Me personally i think 16gigs is way to much for gaming. 8gigs is probably a bit overkill also but i'd prefer 8gigs for gaming. That extra 100bucks can go towards alot of other stuff like SSD, pc case, heatsink or whatever.
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February 14, 2011 11:14:42 PM

Please someone list a game that is using more than 4 gigs for gaming... This is getting out of hand..
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February 14, 2011 11:16:39 PM

brohde88 said:
well I am looking to get another GTX 580 in the future, I just do not see a need for it currently. I max all games and still easily pull 60FPS, (Games played : starcraft 2, dawn of war 2, Company of heroes, World in conflict) So buying another GTX seems a little bit excessive currently. The idea of an SSD is good, but I do not know much about them, except that they are "faster". I think they are a bit overpriced currently but that is just my opinion. I might just go with the 8GB (2x4) idea, any retrogradations?


If your playing BC2, Starcraft 2 getting a SSD will be a huge advantage for you because you will load much faster then everyone else. Next thing you know you'll be capping a base before they load in BC2. Plus you already have a GTX 580, that thing is a beast! Me personally i'd rather get a SSD over another GTX 580. You can get a good SSD for the same amount of a GTX 580 or even get 2 120gb SSD's and put them in raid 0 for gaming...That'll be insane!
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February 14, 2011 11:17:54 PM

christop said:
Please someone list a game that is using more than 4 gigs for gaming... This is getting out of hand..


Thats what i wanna know also lol...Maybe Shogun2 when it comes out might use more then 4gigs maybe lol...
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February 15, 2011 12:03:09 AM

This is a little off topic, but what is RAID 0, and where would you go to find it or set it up? also, why would you need 2 SSD's other than for raid? I had a Kingston SSD before and was NOT impressed. I had SC2 installed and it was nowhere near as fast as I expected.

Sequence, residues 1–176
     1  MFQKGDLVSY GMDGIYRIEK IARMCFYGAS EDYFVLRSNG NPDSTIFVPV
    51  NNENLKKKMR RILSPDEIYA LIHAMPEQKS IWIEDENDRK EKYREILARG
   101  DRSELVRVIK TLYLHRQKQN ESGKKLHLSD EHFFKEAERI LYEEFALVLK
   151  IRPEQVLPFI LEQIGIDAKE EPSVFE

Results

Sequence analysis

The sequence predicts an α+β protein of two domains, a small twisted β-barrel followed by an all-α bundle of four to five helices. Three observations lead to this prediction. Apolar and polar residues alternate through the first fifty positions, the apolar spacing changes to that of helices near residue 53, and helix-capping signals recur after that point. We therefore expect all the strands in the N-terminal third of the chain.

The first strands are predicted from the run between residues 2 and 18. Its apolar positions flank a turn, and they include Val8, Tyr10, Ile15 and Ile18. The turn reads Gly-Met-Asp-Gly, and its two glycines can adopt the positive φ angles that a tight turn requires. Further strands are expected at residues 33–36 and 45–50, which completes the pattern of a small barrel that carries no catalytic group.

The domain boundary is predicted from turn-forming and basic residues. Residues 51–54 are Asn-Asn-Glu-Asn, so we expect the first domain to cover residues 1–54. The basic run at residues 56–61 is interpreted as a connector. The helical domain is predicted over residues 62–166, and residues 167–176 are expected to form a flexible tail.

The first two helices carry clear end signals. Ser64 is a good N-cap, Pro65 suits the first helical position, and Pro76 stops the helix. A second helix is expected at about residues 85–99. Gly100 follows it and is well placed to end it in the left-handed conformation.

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February 15, 2011 12:05:33 AM

Also, assuming that 8GB is the best choice, would the best option be 2x4 or 4x2, I was gonna go with some G.Skill 2100.
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February 15, 2011 12:16:30 AM

brohde88 said:
This is a little off topic, but what is RAID 0, and where would you go to find it or set it up? also, why would you need 2 SSD's other than for raid? I had a Kingston SSD before and was NOT impressed. I had SC2 installed and it was nowhere near as fast as I expected.


Not sure if i'll explain this right since im still kinda new to the pc stuff. But i believe Raid 0 can only be done with 2 or more hard drives, it will not work with 1 hard drive. It's basically taking 2 hard drives and putting them together for faster speeds and more hard drive space. So if you have only a 500gb hard drive and you put another 500gb for raid 0 it'll be 1tb. Not sure if the hard drives have to be the same brand but i would recommend using the same exact brand. I'm not quite sure how much faster it'll be in raid 0 vs 1 hard drive but im pretty sure it'll be faster. Also you probably had the 1st generation SSD's maybe that's why it wasn't as fast as you thought it should be. The new ones have much faster read and write speeds.

Here's a some videos of raid 0's

http://www.youtube.com/watch?v=4U1lreTDsqo

intel x25 raid 0...this video is kinda old but his load time is pretty fast on crysis.

http://www.youtube.com/watch?v=oYCEV3npxm0

Everything is on youtube lol...

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a b } Memory
February 15, 2011 12:21:03 AM

christop said:
Please someone list a game that is using more than 4 gigs for gaming... This is getting out of hand..

The game itself doesn't have to use 4GB of RAM to feel a boost when the system has 8GB.

Video cards have had the ability to reserve system RAM for texture storage for years now. Games are starting to get to the point of actually needing the video card to take advantage of that ability. The system RAM that the video card reserves isn't available for the game itself or any Windows background tasks.

Doesn't it make sense that if you have more RAM, everything would run smoother? It certainly does to me -- up to a point, of course.

Those of you who are hesitant about the whole "games really do run better on a system that has 8GB of RAM" thing are acting like I'm saying "having a heart attack is good for you" instead. I don't get it...
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February 15, 2011 12:37:47 AM

The current standard is 4GB, which is more then enough for pretty much all games except for a select few that are played at ridiculous settigns/resolution. 6GB is perfect but seeing how the all the midrange sockets are dual channeled, 8GB would be the absolute maximum i'd get for gaming. Anything over that is overkill.